Selecting for nicer chickens Applications of group selection

Although group selection can seem awfully technical, it has practical applications. Take, for example, egg production. A great deal of effort has gone into producing chickens that lay lots of eggs. Historically, farmers have tackled the problem at the level of the individual chicken. The chicken breeder would found the next population with the descendants of the most prodigious egg-layers. The strategy was successful Chickens can lay 100 eggs a year. Here's a little bit of detail that you...

Influenza One Flu Two Flu Your Flu Bird

Before the mid-20th century, people gave this disease the respect it deserved. Now we call it the flu act fairly cavalier about the symptoms unless we need a break from work and poo-poo the vaccine unless we're in a high-risk group populated by babies, octogenarians, and hypochondriacs. Periodically, though, we get reminded that the flu can be serious business a fact that epidemiologists and virologists have been trying to beat into our thick skulls forever and then we fly into a...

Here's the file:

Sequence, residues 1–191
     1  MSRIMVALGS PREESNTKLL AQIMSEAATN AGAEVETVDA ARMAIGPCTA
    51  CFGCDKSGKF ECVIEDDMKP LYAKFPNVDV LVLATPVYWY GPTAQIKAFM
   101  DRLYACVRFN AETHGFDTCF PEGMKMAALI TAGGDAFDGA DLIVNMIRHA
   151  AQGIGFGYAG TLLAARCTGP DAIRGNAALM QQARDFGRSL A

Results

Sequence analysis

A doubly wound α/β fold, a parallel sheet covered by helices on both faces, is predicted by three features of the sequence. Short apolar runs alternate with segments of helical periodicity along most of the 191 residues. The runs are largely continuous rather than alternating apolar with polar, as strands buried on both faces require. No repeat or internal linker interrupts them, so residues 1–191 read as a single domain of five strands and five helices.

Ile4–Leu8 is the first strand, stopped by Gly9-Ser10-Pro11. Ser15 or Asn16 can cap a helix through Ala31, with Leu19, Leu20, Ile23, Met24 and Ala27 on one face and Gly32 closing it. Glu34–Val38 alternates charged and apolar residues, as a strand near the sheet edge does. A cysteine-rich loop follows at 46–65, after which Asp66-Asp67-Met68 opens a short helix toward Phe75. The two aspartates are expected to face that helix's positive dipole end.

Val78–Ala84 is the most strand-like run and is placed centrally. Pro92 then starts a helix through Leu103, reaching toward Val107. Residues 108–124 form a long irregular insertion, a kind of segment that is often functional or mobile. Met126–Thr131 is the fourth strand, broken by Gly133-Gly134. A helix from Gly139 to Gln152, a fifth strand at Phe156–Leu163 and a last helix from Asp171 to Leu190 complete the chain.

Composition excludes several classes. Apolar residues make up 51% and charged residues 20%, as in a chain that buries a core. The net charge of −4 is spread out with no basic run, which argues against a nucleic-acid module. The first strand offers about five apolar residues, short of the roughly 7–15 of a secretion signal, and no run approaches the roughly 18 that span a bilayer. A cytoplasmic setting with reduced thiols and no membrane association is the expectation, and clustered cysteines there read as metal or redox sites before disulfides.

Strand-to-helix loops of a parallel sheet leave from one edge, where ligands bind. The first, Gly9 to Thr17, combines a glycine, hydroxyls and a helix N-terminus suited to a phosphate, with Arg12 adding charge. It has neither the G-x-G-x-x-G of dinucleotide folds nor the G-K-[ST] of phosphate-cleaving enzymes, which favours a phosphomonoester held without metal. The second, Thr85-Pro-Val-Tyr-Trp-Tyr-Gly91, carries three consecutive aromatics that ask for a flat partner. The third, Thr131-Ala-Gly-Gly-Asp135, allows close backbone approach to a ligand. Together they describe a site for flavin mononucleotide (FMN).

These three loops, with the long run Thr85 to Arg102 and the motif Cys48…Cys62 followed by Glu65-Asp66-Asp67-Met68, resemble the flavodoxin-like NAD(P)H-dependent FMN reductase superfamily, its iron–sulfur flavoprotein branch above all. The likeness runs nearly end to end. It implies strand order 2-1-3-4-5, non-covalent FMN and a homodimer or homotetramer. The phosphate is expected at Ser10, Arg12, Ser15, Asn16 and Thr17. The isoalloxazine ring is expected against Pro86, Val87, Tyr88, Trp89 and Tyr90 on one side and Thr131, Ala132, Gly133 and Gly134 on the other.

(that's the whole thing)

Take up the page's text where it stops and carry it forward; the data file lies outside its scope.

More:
Going in Circles Ring Species

Through the existence of ring species, scientists can say with 100 percent certainty that small differences can accumulate in nature to the point that two populations of the same species can become reproductively isolated. They can actually go out and see it. Variation exists among different populations of the same species. The following terms are used to describe the different types of variation I Subspecies A group within a particular species that shares genetic characters with other group...

Reading Trees

Phylogenetic trees convey quite a bit of information. To figure out what that information is, you have to be able to read the tree that is, to understand the relationships that the tree illustrates. This section explains what you need to know. A phylogenetic tree is comprised of branches and nodes places where branches connect that represent ancestral species (species that give rise to the species at the tips of the branches). Figure 9-3 shows the same tree as does Figure 9-2, except that the...

Reconstructing Trees A How To Guide